Ricoh has revealed a new color e-paper technology that, the company reckons, offers 4x the color range of existing systems, along with 2.5x the white reflectivity brightness for cleaner text and images. On show at SID 2011 this week, the new display uses a lamination electrochromic method of production which forms separate cyan, magenta and yellow organic layers between two substrates.
Epson and E Ink have thrown their hats into the high-resolution mobile display ring, promising a 9.68-inch 300dpi panel for SID 2011. Unlike the pixel-packing LCDs Toshiba, Samsung and LG are hawking, Epson and E Ink are looking to e-paper for their screen salvation: the monochrome panel runs at a hefty 2,400 x 1,650.
Adding illumination to e-paper screens seems pretty counter-intuitive - after all, what makes the display technology special is that it looks like paper and doesn't need backlighting - but that's just what Qualcomm has done with its latest mirasol prototype. It makes sense, too, The Digital Reader discovered when Qualcomm whipped out the ereader mock-up at CES On The Hill this week; rather than backlighting the display, the new mirasol model actually has an embedded front light.
Samsung has reportedly bought Liquavista, the electrowetting screen specialists whose e-paper displays were poised to take on E Ink and mirasol. Neither company has confirmed the deal, but a translated Dutch job listing suggests that "the organization has a new Liquavista division of Samsung."
HTC could be looking to use low-power E Ink epaper as well as 3D-capable displays and cameras in future devices, if a job description for a role at the company is to be believed. The position - baseband design engineer - calls for someone familiar with "multiple display technologies( TFT-LCD, PMOLED, AMOLED, E-ink, etc)" and "with 3D display and imaging technologies."
So you're totally tired of all the old ways. Books? Useless. You're not into the whole "retro" thing, and you want people to know that you're on the cutting edge. The technology edge. So what do you think that heavenly next thing is? How about some disposable e-paper? University of Cincinnati electrical engineering professor Andrew Steckl decided he wanted that too. So what did he do? He demonstrated that electrowetting works on a paper substrate just as well as it does on glass. What's that mean? It means there's going to be some e-paper on paper.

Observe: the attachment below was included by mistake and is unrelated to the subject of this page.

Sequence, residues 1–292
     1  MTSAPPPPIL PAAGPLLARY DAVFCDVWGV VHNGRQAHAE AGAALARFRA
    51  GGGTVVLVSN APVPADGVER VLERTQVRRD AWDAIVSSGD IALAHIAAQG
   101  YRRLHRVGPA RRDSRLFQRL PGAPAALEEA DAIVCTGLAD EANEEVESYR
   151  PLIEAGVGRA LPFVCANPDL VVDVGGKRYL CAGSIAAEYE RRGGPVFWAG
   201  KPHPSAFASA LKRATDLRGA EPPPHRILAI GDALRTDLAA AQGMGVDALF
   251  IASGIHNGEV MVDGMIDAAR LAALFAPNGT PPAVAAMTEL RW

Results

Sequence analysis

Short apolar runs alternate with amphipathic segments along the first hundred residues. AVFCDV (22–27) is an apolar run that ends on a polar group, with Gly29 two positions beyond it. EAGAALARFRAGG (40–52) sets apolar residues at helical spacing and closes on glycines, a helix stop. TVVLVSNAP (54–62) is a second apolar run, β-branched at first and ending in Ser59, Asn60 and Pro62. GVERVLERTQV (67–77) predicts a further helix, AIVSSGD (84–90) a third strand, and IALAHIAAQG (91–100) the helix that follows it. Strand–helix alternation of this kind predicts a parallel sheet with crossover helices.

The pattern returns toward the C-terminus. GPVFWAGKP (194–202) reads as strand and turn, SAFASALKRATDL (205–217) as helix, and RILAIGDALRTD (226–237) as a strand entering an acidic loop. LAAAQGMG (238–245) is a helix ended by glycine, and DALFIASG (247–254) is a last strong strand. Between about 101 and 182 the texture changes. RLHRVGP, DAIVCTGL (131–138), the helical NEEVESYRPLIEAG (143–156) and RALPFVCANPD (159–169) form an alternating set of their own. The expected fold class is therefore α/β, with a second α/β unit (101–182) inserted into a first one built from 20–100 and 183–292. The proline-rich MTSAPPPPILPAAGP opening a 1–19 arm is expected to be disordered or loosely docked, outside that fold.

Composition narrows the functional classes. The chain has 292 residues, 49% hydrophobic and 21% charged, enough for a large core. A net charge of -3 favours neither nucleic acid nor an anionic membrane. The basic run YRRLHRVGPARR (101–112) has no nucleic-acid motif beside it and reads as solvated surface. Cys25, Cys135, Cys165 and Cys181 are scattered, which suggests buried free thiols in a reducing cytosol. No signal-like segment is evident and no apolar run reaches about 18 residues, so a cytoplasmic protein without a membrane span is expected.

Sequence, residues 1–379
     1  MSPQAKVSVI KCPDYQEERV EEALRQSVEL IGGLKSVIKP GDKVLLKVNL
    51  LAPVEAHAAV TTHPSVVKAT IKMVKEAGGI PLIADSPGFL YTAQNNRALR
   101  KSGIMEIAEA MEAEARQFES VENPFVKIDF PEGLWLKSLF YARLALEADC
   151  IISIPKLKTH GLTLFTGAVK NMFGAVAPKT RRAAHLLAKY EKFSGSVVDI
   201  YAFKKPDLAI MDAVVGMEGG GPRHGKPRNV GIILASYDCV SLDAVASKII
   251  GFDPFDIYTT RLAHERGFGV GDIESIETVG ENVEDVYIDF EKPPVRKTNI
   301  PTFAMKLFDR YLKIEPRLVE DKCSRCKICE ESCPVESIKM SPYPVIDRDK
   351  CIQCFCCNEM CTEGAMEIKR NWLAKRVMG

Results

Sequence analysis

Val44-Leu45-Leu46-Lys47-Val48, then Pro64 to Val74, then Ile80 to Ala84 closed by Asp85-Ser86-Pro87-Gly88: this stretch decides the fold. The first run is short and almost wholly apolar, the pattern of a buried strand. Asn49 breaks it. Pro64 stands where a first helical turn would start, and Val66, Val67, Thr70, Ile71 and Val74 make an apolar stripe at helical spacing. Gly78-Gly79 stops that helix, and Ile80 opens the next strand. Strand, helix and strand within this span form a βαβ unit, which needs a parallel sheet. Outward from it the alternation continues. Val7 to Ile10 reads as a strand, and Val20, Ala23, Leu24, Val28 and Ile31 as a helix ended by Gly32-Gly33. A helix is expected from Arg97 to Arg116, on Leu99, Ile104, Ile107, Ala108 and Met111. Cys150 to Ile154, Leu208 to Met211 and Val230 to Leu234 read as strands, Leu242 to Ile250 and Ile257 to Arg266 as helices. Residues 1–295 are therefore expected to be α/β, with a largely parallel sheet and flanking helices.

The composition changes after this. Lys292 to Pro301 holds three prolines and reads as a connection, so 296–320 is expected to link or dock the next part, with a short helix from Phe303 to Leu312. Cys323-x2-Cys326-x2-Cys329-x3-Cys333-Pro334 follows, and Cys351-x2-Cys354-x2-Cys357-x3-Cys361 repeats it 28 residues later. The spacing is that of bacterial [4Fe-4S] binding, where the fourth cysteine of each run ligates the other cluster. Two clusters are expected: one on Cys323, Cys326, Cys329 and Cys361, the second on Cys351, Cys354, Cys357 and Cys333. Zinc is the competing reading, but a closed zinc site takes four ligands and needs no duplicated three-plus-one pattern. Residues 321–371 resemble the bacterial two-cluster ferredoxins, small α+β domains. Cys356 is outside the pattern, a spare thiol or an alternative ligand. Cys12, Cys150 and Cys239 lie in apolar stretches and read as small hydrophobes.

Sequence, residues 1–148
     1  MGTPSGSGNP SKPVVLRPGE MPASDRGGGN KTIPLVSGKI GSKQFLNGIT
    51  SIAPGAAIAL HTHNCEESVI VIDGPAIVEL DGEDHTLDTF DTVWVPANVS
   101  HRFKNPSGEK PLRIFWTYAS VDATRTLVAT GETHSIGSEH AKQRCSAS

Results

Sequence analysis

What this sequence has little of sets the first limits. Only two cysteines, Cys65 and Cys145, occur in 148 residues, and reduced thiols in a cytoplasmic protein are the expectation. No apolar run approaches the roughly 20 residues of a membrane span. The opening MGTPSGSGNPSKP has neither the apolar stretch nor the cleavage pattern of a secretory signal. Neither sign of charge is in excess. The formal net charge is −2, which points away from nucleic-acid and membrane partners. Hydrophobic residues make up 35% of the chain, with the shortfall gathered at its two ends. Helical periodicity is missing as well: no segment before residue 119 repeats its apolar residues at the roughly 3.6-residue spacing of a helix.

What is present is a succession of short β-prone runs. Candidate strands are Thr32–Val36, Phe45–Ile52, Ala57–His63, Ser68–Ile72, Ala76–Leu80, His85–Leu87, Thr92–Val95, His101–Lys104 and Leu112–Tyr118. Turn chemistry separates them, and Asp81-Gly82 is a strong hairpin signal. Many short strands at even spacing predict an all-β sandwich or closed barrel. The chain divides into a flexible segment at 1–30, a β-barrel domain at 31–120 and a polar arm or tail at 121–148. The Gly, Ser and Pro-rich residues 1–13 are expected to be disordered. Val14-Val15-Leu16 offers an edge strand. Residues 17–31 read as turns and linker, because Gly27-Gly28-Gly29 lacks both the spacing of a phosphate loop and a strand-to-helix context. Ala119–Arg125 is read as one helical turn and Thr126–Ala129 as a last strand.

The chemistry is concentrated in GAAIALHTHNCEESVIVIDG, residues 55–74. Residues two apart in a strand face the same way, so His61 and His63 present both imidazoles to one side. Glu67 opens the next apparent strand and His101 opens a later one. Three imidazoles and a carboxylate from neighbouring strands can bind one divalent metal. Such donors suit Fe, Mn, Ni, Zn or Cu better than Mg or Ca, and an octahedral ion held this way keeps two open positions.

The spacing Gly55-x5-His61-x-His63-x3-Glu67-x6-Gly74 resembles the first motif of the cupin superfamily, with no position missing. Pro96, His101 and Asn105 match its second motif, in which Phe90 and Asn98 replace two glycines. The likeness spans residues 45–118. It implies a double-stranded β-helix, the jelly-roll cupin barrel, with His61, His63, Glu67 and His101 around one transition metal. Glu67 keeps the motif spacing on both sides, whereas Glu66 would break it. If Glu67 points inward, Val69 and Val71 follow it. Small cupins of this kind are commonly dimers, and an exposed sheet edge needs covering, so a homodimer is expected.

Today we talk about, believe it or not, methane powered computers! Better hope you don't get too close to a heat source. Uh oh. Then there's a Berlin showing of some fantastic looking color e-paper, sponsored by Bridgestone, Epson, and Samsung, but made by an unknown producer. Then PALM throws down the gauntlet saying they'll reclaim their smartphone "birthright" soon, and BYD Alice Tegra 2 Froyo tablet wants a chomp of the tablet market too. All this and MORE on todays SlashGear Morning Wrap-up!
E Ink has officially announced their color e-paper display, E Ink Triton, as used in the Hanvon color ereader shown yesterday. Hardware details for the Triton display are sparse, but it's known to support 16 levels of greyscale along with "thousands" of colors via a filter layer on top.
Only yesterday we were marvelling at Nemoptic's dual-mode BiNem/OLED display technology; now we find out the company has declared bankruptcy. Actualitte suggests that Nemoptic had left too little time for new investors to step in, leaving them around three million euros in debt and with no buyer for their bistable epaper displays.
A color e-paper wireless ereader is apparently on course for release in December, with sources in Delta Electronics' supply chain telling the Taipei Times that the company's 8.2-inch model will offer WiFi and 3G in a partnership with carrier China Mobile. It's not the first time we've heard about a color Delta ereader, either; the company demonstrated a 13.3-inch prototype at Computex 2010 back in June, suggesting it would be commercially available by the end of the year.